Fenway’s anonymous testing program performs 40% of all anonymous HIV tests in the state.

After completing a successful $4 million building campaign, Fenway moves out of the basement at 16 Haviland Street into a new state-of-the-art facility at 7 Haviland Street.

Fenway’s HIV caseload reaches 500, second in the state only to then Boston City Hospital.

Construction at 7 Haviland
Ribbon Cutting Ceremony at 7 Haviland Street

Opening New Doors: LEFT: Interior construction at 7 Haviland Street. RIGHT: The ribbon cutting ceremony to dedicate the health center at 7 Haviland.


Fenway throws its first annual Women’s Dinner Party, a fundraiser for Fenway Women’s Health that will soon become the largest event of its kind in the nation.

Fenway’s Color Me Healthy program initiated to provide HIV education and outreach to men of color.

Lesbian Health Research Subcommittee formed.

Fenway Forums established to train credentialed mental health professionals how to identify and respond to gay, lesbian, and HIV/AIDS health issues.


Alternative Insemination program makes office-based services available to clients.

Lesbian Health Series launches, providing outreach and education to lesbians at high risk of developing breast cancer.


Alternative Insemination program makes office-based services available to clients.

Lesbian Health Series launches, providing outreach and education to lesbians at high risk of developing breast cancer.

Kenneth Mayer in 1995

Medical Research Director Dr. Ken Mayer announces Fenway’s distinction as one of eight national sites chosen to conduct HIV vaccine trials. Also pictured are Executive Director Deborah Ruhe and Medical Director Dr. Stephen Boswell.


Riders embark on the first Boston to New York AIDSRide, kicking off the largest single AIDS fundraiser in the country.

Boston Conservatory of Music contracts with Fenway to provide primary health care services for its students and employees.

Fenway initiates at-home care program for neighborhood seniors.

FDA fast-tracks availability of protease inhibitors for the treatment of HIV/AIDS.

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Fenway celebrates 25 years of operation.

Viral load testing offered as a new HIV/AIDS treatment service at Fenway.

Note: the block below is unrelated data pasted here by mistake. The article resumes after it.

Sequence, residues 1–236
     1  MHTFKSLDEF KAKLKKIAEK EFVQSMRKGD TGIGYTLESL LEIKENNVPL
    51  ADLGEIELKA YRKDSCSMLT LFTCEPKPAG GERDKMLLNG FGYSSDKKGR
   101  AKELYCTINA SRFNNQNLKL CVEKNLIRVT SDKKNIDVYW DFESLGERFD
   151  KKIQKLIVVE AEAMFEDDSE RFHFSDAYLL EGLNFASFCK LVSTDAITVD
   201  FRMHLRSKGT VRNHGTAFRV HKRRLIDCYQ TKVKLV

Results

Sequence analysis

Fenway institutes the use of acupuncture as a viable practice in the treatment of substance abuse.

Fenway patients who receive free care become automatically eligible for free care from Beth Israel Deaconess Medical Center.

Our Names - The Plaque

LEFT: Fenway staff member John Lowe celebrates with one of Fenway’s senior patients at the 25th anniversary celebration. RIGHT: The son of one of the countless men lost to AIDS makes a rubbing of his father’s name from the “Our Names Wall” during Fenway’s 25th anniversary dedication. (Photo: Marilyn Humphries)


Fenway increases number of holistic medical providers on staff.


Living Well series initiated to educate community about the prevention and treatment of HIV/AIDS.

The Russell-Harris medical practice, located in the Back Bay/South End, merges with Fenway Community Health.

Fenway produces first Lesbian and Bisexual Women’s Health Research Forum in New England.

Fenway provides more than 800 free hepatitis vaccinations to the community.


Fenway holds first annual Audre Lorde Women’s Cancer Awareness Brunch.

Fenway completes “HIV Prevention for Infected Males: A Needs Assessment” identifying the needs of HIV infected men in Massachusetts.


Nationally recognized researcher Dr. Judith Bradford joins the Fenway staff as Director of Lesbian Health Research.

Healthy People 2010 - Logo

Fenway convenes panel of experts to brief members of the press about the historic significance of the U.S. Department of Health and Human Services implementing new objectives related to sexual orientation in their public health plan “Healthy People 2010.”


Fenway launches The Fenway Institute, a national interdisciplinary center dedicated to ensuring cultural competence in health care for the GLBT community through research and evaluation, training and education, and policy and advocacy.  Dr. Ken Mayer and Dr. Judith Bradford named co-chairs of The Fenway Institute.

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HIV prevention research studies begin at Y.R. Giatonde Centre in Chennai, India through the NIH-funded Fenway HIV Prevention Trials Unit.


The Fenway Men’s Event draws a record 1,500 attendees and sold out for the first time. More than $250,000 was raised to help support Fenway’s programs and services.


Fenway opens an onsite pharmacy that offers prescription medications to Fenway patients.

In response to legalization of same-sex marriages in Massachusetts, Fenway begins offering same-sex marriage clinics. More than 1,000 patients came to Fenway for pre-marital screening appointments.

Fenway launches the Transgender Health Program to help provide health care to this often underserved population.

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The Fenway Institute completes Phase I of its rectal microbicide acceptability study for men. The study hopes to provide information on developing additional methods to reduce HIV transmissions.

Fenway becomes one of the first organizations nationwide to participate in an experimental preventive vaccine trial for Human Papilloma Virus for men.

In an effort to help medical providers better understand the unique health care needs of gay and bisexual men, Fenway publishes “Preventing and Managing STDs in MSM: A Toolkit for Clinicians,” in cooperation with the Massachusetts Department of Public Health STD Division.